Last fall, we asked Texas Highways readers to share their favorite places in the state for our Texas Top-40 Travel Destinations. And share you did—by phone, email, Facebook, and through many amazingly detailed letters. Thousands of TH readers helped to shape the final list, which we will divulge throughout 2014, Texas Highways’ 40th-anniversary year.
Catch a fish on a fly rod once and chances are you’ll be “hooked.” But just like fishing with a traditional rod and reel, starting with the right equipment is key for landing a big one... or any fish at all.
It all started with a trip gone awry. My mom scheduled a much-anticipated French getaway to Paris with an old friend, and then, late in the game, her friend pulled out. But the romantic, Kir Royale and back-alley bistro dreams had already taken hold—staying home in suburbia was not an acceptable alternative. She needed a plan B fast, and luckily, I knew just what to do.
In the past decade, the citizens of San Marcos have built and currently maintain more than 17 miles of trails throughout the city. Here are a few images that did make it into our print edition.
As a Texan exiled for 14 years to Arizona, I feel fortunate to have found decent barbecue, chicken-fried steak, and—halfway through my time there—even Blue Bell ice cream. There was no Tex-Mex, though. And, unfortunately, there was a shocking dearth of pie.
In a matter of hours in July 2002, flooding rains unearthed eons of history beneath a swath of Hill Country landscape near New Braunfels. Nearly three feet of rainfall in one week pushed water over the emergency spillway of Canyon Lake for the first time since its 1964 creation, reaching a peak rate of roughly 67,000 cubic feet per second. By contrast, tubers on the Guadalupe River typically enjoy 350 cubic feet per second, and the Canyon Dam floodgates top out at 5,000 when wide open.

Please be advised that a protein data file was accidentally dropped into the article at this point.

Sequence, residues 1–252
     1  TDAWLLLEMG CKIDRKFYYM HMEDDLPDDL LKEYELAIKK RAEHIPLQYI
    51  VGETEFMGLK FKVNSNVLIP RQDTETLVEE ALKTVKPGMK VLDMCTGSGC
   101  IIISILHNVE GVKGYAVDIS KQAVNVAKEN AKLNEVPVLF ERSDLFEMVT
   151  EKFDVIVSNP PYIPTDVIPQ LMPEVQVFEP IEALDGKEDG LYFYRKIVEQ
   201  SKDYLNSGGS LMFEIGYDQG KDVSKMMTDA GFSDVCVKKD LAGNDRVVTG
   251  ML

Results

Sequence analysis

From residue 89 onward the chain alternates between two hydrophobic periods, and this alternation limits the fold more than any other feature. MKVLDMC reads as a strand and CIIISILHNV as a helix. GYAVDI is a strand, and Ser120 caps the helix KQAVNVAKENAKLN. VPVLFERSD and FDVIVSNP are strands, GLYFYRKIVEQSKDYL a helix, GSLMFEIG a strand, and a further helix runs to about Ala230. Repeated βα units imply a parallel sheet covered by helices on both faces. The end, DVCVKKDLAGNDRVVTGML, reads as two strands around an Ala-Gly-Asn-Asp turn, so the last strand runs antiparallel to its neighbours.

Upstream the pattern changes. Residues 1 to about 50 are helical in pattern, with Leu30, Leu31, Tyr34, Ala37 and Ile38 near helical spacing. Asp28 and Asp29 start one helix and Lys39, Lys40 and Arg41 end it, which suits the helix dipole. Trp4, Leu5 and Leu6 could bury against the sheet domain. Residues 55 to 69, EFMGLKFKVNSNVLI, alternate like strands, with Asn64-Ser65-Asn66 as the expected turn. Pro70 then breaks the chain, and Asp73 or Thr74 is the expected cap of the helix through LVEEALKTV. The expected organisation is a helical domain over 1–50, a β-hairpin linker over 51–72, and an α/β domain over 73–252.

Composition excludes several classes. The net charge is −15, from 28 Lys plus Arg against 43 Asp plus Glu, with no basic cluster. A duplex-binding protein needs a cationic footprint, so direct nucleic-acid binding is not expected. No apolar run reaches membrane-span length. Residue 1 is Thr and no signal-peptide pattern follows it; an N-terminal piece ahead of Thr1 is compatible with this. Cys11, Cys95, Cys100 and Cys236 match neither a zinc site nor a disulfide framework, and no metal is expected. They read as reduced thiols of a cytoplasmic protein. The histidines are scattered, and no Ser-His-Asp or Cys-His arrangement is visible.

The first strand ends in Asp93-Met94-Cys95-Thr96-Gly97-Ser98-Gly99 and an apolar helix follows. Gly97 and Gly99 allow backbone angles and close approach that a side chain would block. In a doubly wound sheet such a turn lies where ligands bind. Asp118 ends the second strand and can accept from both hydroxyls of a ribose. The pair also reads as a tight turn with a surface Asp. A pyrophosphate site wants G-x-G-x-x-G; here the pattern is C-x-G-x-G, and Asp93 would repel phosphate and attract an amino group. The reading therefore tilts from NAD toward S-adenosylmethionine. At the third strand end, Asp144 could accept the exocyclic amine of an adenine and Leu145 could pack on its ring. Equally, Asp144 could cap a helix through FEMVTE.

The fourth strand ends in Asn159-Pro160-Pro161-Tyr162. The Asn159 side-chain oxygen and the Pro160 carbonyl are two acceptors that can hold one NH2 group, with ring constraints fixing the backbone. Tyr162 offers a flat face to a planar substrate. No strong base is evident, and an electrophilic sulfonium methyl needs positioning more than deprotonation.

In the November issue, writer Melissa Gaskill takes readers to Lost Maples State Natural Area, a state park in Vanderpool that is famous for its beautiful fall foliage. Senior Editor Loir Moffatt visits here with park interpreter Richard Treece and park superintendent Shawn Greene about fall color, how to avoid the crowds (visit during the week if possible), and the capricious weather-whims of Mother Nature.
There’s renovation the way most of us do it—repainting the front door, updating the fixtures in the bathroom, hanging new window treatments—and then there’s renovation the way it’s been done in New Braunfels by the engineers, architects, and civic leaders behind the Comal County courthouse makeover. A decade in the making, the meticulously executed $8.6 million project has restored the stately limestone structure to its original 1898 glory.
In the September 2013 issue, writer Michelle Burgess delves into the history and restoration of the beautiful Comal County Courthouse in New Braunfels, a German-flavored town between Austin and San Antonio. You can visit the New Braunfels Chamber's website to gather dozens of ideas for things to do during your visit, but here are some of our favorites:
Norah Jones croons from hidden speakers as a couple sinks into the soft, red sofa sitting perpendicular to an unlit fireplace. The straw-yellow walls are lined with broad-stroke oil paintings of farm animals, and a dozen or so tables take up the modest space in front of a long bar. It is Sunday evening at the Plaid Goat in Comfort, and the vibe is that of a casual, jazzy cocktail party. Out front, luxury cars sit alongside old work trucks; inside, their owners also share space. This is the kind of spot where it is common to strike up a conversation with a stranger—or a whole table of strangers. Without looking at a menu, the two deliver their order: Havarti nachos for him; and for her, a rustic flatbread with crispy prosciutto and pecorino cheese.